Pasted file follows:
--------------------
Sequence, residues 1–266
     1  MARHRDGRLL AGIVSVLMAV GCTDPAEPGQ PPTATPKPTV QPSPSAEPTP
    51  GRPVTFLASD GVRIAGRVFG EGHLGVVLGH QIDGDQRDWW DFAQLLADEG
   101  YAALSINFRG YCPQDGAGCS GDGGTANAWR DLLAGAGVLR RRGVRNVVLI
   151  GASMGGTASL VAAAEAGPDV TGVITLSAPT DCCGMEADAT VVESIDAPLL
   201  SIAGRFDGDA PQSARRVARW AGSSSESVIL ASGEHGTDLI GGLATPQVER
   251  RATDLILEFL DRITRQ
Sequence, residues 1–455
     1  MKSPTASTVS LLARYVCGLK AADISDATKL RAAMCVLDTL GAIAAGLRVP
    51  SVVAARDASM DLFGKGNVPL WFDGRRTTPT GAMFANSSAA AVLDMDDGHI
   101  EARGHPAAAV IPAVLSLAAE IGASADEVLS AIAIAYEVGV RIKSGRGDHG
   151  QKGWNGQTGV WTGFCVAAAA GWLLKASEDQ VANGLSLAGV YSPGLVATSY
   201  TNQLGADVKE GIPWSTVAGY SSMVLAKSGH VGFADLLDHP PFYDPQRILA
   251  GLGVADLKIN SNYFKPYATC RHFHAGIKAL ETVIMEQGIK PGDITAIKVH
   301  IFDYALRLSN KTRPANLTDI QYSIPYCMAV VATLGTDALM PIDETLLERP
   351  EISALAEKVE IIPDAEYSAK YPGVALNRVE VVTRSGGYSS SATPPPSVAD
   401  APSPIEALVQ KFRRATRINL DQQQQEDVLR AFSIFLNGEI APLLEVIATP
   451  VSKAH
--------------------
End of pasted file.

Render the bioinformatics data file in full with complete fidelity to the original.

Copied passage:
Sequence, residues 1–266
     1  MARHRDGRLL AGIVSVLMAV GCTDPAEPGQ PPTATPKPTV QPSPSAEPTP
    51  GRPVTFLASD GVRIAGRVFG EGHLGVVLGH QIDGDQRDWW DFAQLLADEG
   101  YAALSINFRG YCPQDGAGCS GDGGTANAWR DLLAGAGVLR RRGVRNVVLI
   151  GASMGGTASL VAAAEAGPDV TGVITLSAPT DCCGMEADAT VVESIDAPLL
   201  SIAGRFDGDA PQSARRVARW AGSSSESVIL ASGEHGTDLI GGLATPQVER
   251  RATDLILEFL DRITRQ
Sequence, residues 1–455
     1  MKSPTASTVS LLARYVCGLK AADISDATKL RAAMCVLDTL GAIAAGLRVP
    51  SVVAARDASM DLFGKGNVPL WFDGRRTTPT GAMFANSSAA AVLDMDDGHI
   101  EARGHPAAAV IPAVLSLAAE IGASADEVLS AIAIAYEVGV RIKSGRGDHG
   151  QKGWNGQTGV WTGFCVAAAA GWLLKASEDQ VANGLSLAGV YSPGLVATSY
   201  TNQLGADVKE GIPWSTVAGY SSMVLAKSGH VGFADLLDHP PFYDPQRILA
   251  GLGVADLKIN SNYFKPYATC RHFHAGIKAL ETVIMEQGIK PGDITAIKVH
   301  IFDYALRLSN KTRPANLTDI QYSIPYCMAV VATLGTDALM PIDETLLERP
   351  EISALAEKVE IIPDAEYSAK YPGVALNRVE VVTRSGGYSS SATPPPSVAD
   401  APSPIEALVQ KFRRATRINL DQQQQEDVLR AFSIFLNGEI APLLEVIATP
   451  VSKAH